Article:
Payne will be the first living member of 1st Special Forces Operational Detachment-Delta, also known as Delta Force or Combat Applications Group to receive the Medal of Honor and the first since two Delta Force Operators received them posthumously in the Battle of Mogadishu in 1993.


The mission which was a joint operation between the United States Special Forces and the Kurdish Special Forces was chaotic from the start. Usually when it comes to military awards, we read the citation and might get a book later which goes into more detail. Sometimes, as in the case of Black Hawk Down, we get a movie. But the United States Army decided to give us an amazing visual on the mission via graphic illustrations.

That’s right, we can see how the rescue mission unfolded that night as Payne, his fellow Delta commandos and the Kurds went in and saved the lives of the hostages.

On October 22, 2015 Payne, then a Sergeant First Class, took off with his team and partner units and made their way toward Hawija, located outside of Kirkuk in northern Iraq. They had intelligence passed on to them that numerous hostages were being kept there in two houses. The Kurds were convinced that the hostages were captured Peshmerga fighters and were eager to get them freed. The teams had practiced for over a week to get their mission down but had to move fast. Freshly dug graves had been spotted outside of the enemy compound and it was feared the hostages would meet a grisly end soon.

Flying in on CH-47s, the rescue mission experienced a brown out upon landing and came under immediate fire from enemy forces. As they made their way toward the compound, the Kurdish troops froze under fire. One of Payne’s teammates looked at them and yelled, “Follow me”. The team moved toward the compound and made their way over the walls.

There were two buildings and the rescue mission involved two groups assaulting each building at the same time. As Payne’s team got to their target, a radio call came over saying that one of the men in the other group was hit. The medic with Payne took off through fire toward the downed man.

The rest of the team entered their objective where they met light resistance. They saw an iron door with a lock on it and cut the lock. Upon opening the door, they saw the excited faces of the hostages. As they rounded up the hostages, another call came over the radio. The second objective wasn’t as easy as the first and the rescue team had met fierce resistance.

Without missing a beat, Payne looked toward his men and said, “Hey, let’s get into the fight. Let’s go.”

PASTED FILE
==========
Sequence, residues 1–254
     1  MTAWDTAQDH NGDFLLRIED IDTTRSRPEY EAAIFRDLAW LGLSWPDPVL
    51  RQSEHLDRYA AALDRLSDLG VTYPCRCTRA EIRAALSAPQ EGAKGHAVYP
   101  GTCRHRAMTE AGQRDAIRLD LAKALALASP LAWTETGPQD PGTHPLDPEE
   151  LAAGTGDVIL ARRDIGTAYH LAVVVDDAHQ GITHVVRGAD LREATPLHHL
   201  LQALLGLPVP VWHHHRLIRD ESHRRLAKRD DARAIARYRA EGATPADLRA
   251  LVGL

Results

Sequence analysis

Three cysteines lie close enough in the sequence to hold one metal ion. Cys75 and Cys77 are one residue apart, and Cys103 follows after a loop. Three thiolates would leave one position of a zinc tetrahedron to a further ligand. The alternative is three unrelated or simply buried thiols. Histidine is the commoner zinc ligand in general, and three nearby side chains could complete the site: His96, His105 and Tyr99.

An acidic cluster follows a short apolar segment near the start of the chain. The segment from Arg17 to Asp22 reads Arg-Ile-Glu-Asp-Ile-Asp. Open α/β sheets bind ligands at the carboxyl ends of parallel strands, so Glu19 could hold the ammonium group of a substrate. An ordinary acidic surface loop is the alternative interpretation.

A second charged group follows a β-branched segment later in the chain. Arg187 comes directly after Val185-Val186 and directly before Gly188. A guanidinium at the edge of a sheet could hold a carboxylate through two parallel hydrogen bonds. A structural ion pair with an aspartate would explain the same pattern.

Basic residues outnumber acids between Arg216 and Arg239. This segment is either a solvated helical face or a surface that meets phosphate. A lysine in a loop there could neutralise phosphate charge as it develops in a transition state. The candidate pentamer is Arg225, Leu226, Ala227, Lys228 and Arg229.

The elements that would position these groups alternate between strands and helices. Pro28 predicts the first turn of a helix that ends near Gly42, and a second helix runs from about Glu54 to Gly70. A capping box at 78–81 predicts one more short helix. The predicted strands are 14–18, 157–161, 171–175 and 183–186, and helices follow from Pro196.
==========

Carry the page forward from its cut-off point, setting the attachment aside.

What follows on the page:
If there was ever a mission that Payne and his team was ready for, it was this. It was the reason their unit was created in the first place. The Army won’t admit it, but Payne and the rest of his team belong to a unit informally known as Delta Force.

Known as the best of the best of the United States military, Delta got its start in the late 1970s thanks to LtCol Charlie Beckwith. Beckwith had long pushed for the United States military to have a commando unit that was on par with the British SAS. The spate of terrorist kidnappings that took place in the 70s by Islamic extremists and Far Left European terrorist groups. Beckwith organized and formed the unit and placed an emphasis on counter terrorism. The team relentlessly practiced drills involving hostage rescue. As the years passed, Delta Force became the leaders in clandestine operations and asymmetrical warfare. The standards to get in are high and only the best of the best make it.

Sergeant Major Payne was about to show why he belongs in that group.

Payne led his men toward the second building and made their way to the roof, while taking small arms fire the entire time. Once on top of the building, they took fire from west of the building and from inside it. The enemy was right below them. Payne and his men returned fire and dropped grenades through holes in the roof. They took fire and hear several explosions as ISIS fighters started detonating suicide vests. Realizing they needed another way in, they maneuvered down the steps and set up shop right outside the building. At this point, the structure was on fire with enemy combatants still inside. Even more pressing was that the remaining hostages were locked inside as well.